Limerick businessman donates €100,000 worth of bobblehead stock to SVP

Fintan Walsh

Reporter:

Fintan Walsh

Mark Carey donated €100,000 worth of stock—around 12,000 pieces—to St Vincent de Paul Picture: Adrian Butler

Mark Carey donated €100,000 worth of stock—around 12,000 pieces—to St Vincent de Paul Picture: Adrian Butler

A LIMERICK city businessman has donated around €100,000 worth of figurines to St Vincent de Paul to help them raise funds for the charity.

Bobbleheads - also known as nodders, wobblers or just plain bobbles - are type of doll or toy whose oversized heads are attached to a solid body by spring.

Its function? Other than a weird accessory to your home or car, it does exactly what it says on the tin - it bobbles.

And Mark Carey, who runs Steamboat Music on Steamboat Quay, was sitting on around 12,000 of these, residual stock from his former business Irish Bobbles.

Established in 2011, Mark sold bobbleheads of Irish soccer players, GAA players and many more. According to the website, they sold for €15 a piece.

Now focusing on the redevelopment of his music and record store, Mark wanted to find a way to give back to charity, so he decided to donate the bobblehead stock to St Vincent de Paul.

“I do try to donate on a much smaller scale to homeless charities and mental health. They are the two big things that I would be a supporter of. I wasn’t just handing them a cheque for €100,000. I’d love to be able to do that on a regular basis. I knew what I was giving them was the ability for them to raise money for themselves. So obviously it was important that it was with a charity that I knew had either a strong volunteer network or a strong retail presence, so it could literally turn it into cashflow for them,” Mr Carey, 31, told the Limerick Leader.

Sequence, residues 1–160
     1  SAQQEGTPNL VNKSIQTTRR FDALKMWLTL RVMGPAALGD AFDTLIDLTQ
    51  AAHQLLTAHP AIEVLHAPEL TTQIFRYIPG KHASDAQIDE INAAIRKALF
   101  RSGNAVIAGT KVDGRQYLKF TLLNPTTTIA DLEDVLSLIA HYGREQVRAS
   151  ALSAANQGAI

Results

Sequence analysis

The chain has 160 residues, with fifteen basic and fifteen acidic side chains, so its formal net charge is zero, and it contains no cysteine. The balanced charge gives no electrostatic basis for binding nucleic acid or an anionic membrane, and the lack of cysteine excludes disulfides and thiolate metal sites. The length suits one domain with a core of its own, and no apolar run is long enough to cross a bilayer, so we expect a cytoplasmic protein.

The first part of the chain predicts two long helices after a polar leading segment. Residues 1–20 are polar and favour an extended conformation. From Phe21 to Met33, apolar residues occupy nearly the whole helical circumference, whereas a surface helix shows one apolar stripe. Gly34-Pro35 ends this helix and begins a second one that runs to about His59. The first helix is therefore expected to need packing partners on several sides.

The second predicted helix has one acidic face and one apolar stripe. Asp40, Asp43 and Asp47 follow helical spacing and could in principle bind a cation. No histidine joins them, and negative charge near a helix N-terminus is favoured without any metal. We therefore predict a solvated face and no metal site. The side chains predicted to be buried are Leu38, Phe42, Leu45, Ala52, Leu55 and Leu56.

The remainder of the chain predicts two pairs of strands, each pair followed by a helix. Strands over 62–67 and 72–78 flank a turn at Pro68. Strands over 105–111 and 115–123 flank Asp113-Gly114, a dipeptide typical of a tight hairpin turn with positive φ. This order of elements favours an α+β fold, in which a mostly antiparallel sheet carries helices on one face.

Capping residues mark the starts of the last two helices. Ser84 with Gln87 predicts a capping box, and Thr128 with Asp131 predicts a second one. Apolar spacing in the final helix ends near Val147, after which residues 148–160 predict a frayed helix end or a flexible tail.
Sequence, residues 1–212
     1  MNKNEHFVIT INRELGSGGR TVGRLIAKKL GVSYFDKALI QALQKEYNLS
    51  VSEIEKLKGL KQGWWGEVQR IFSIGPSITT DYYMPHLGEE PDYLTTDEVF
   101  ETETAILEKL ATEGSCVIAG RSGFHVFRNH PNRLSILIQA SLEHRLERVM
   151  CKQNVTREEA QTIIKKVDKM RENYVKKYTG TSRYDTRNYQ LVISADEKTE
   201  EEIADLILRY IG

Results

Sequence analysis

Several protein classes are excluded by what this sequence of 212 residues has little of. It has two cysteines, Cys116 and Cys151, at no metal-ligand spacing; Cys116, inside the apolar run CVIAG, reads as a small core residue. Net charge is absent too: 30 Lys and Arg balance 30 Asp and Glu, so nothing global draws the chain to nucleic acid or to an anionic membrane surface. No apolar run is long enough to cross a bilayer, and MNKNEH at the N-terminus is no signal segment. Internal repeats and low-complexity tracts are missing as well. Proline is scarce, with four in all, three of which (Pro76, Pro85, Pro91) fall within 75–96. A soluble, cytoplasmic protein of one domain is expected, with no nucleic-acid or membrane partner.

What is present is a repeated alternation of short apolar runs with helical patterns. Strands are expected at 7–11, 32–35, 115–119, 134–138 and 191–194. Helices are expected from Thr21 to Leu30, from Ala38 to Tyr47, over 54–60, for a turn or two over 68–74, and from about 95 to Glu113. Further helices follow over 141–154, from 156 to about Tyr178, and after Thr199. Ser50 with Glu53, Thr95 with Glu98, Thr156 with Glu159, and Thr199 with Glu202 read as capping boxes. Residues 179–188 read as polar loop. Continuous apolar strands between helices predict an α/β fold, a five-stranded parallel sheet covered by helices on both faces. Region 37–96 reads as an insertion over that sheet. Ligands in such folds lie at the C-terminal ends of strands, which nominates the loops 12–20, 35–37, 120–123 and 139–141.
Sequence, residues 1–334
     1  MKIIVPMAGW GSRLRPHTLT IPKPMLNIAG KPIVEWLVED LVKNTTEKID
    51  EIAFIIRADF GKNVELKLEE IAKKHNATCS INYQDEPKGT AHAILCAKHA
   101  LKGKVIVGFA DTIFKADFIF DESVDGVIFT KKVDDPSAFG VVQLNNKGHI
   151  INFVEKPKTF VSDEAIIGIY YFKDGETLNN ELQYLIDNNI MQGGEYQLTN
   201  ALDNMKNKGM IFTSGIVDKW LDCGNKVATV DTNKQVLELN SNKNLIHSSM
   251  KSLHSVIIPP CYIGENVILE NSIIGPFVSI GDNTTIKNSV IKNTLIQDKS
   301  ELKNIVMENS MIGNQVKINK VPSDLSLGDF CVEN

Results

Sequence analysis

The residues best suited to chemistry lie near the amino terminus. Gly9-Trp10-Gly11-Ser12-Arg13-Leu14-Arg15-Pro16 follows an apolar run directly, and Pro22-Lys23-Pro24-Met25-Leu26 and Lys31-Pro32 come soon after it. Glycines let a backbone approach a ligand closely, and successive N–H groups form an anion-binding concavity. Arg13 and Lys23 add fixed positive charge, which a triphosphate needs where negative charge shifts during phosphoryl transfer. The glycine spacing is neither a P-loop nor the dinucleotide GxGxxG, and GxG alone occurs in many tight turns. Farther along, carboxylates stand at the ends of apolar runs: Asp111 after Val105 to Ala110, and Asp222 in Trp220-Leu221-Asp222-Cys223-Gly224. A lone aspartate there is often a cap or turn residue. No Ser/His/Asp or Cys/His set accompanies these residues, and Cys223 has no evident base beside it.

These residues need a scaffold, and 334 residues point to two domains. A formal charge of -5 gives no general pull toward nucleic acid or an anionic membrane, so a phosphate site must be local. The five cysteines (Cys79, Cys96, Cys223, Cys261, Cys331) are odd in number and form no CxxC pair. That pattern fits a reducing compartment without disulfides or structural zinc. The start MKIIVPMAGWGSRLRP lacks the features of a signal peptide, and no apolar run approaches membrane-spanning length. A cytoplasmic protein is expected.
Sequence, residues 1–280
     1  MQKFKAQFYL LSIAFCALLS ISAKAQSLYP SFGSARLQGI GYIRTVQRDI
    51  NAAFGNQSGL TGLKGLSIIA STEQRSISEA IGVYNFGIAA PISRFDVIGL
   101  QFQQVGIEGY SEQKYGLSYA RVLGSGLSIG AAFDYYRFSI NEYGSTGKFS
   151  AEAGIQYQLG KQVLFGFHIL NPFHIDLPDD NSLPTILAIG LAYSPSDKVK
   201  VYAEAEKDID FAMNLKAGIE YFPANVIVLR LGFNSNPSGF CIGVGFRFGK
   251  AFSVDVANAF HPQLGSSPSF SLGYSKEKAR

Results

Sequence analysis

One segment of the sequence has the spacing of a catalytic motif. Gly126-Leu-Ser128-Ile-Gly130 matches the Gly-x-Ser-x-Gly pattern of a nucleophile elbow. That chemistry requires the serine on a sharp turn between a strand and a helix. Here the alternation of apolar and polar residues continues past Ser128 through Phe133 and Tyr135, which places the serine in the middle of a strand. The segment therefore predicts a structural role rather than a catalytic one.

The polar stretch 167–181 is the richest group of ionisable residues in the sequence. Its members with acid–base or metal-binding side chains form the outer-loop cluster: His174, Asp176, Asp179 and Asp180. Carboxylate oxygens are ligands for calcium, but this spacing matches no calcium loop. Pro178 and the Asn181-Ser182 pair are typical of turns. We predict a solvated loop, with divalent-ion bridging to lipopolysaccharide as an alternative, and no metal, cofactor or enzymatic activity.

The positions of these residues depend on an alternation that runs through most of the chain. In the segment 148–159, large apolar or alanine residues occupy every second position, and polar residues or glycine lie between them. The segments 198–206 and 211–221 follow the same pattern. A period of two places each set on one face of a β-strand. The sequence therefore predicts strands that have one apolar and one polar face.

After the charity agreed to accept the 12,000 bobbles, they were then sent over to St Vincent de Paul’s warehouse in Nenagh.

Asked if he was at a loss, Mark said he was at a “little bit of a loss”.

“We were able to write off quite a lot of it against my tax and stuff for this year. I looked at it, and I was like: ‘I either need to put such and such amount of work into moving these, which would mean firstly having to reinvigorate our distribution network. A lot of the shops around the country have been opening and closing, so I’d have to do a big review of that, find more shops to start selling to and then put a lot of time and effort into it. It wasn’t something I was really passionate about. If I could have written off even 20% of what I donated, I kind of felt like that would mean more to me, just to kind of have it out of my head, to focus on things for the future.”

He said the business was becoming “mental clutter”, adding: “Every year a business is open it is still costing you money”.

“I just kind of wanted to give back, do something on a national scale that would really benefit people. It was just nice to do something really positive with it, to finish it on a high. It was worth more to me to do that than to think about start selling them again.”

He added that the business “went pretty well” while it was in operation. However, between bobbles and a growing record and music store, his attention was “quite divided”.

“It helped pay for an awful lot of redevelopment in Steamboat, but I achieved what I wanted to achieve with it.”